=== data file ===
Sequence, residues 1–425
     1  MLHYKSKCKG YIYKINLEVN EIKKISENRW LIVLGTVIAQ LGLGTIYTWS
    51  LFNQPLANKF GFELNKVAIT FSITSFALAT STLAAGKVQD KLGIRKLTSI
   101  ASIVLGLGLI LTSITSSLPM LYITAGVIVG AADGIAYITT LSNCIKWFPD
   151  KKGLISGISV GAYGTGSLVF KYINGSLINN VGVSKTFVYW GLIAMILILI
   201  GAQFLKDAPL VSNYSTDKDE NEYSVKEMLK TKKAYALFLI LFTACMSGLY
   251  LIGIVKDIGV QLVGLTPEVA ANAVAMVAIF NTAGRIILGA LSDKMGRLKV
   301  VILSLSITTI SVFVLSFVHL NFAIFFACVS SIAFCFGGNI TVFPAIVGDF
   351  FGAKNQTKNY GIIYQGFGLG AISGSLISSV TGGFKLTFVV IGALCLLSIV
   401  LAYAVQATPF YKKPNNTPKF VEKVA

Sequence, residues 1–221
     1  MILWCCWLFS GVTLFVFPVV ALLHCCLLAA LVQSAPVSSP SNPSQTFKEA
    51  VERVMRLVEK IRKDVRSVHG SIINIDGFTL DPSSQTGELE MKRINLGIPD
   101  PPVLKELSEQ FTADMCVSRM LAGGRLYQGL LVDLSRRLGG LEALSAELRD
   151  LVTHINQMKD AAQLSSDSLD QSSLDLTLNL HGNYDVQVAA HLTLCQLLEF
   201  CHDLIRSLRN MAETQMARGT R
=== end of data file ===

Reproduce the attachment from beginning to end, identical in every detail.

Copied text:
Sequence, residues 1–425
     1  MLHYKSKCKG YIYKINLEVN EIKKISENRW LIVLGTVIAQ LGLGTIYTWS
    51  LFNQPLANKF GFELNKVAIT FSITSFALAT STLAAGKVQD KLGIRKLTSI
   101  ASIVLGLGLI LTSITSSLPM LYITAGVIVG AADGIAYITT LSNCIKWFPD
   151  KKGLISGISV GAYGTGSLVF KYINGSLINN VGVSKTFVYW GLIAMILILI
   201  GAQFLKDAPL VSNYSTDKDE NEYSVKEMLK TKKAYALFLI LFTACMSGLY
   251  LIGIVKDIGV QLVGLTPEVA ANAVAMVAIF NTAGRIILGA LSDKMGRLKV
   301  VILSLSITTI SVFVLSFVHL NFAIFFACVS SIAFCFGGNI TVFPAIVGDF
   351  FGAKNQTKNY GIIYQGFGLG AISGSLISSV TGGFKLTFVV IGALCLLSIV
   401  LAYAVQATPF YKKPNNTPKF VEKVA

Sequence, residues 1–221
     1  MILWCCWLFS GVTLFVFPVV ALLHCCLLAA LVQSAPVSSP SNPSQTFKEA
    51  VERVMRLVEK IRKDVRSVHG SIINIDGFTL DPSSQTGELE MKRINLGIPD
   101  PPVLKELSEQ FTADMCVSRM LAGGRLYQGL LVDLSRRLGG LEALSAELRD
   151  LVTHINQMKD AAQLSSDSLD QSSLDLTLNL HGNYDVQVAA HLTLCQLLEF
   201  CHDLIRSLRN MAETQMARGT R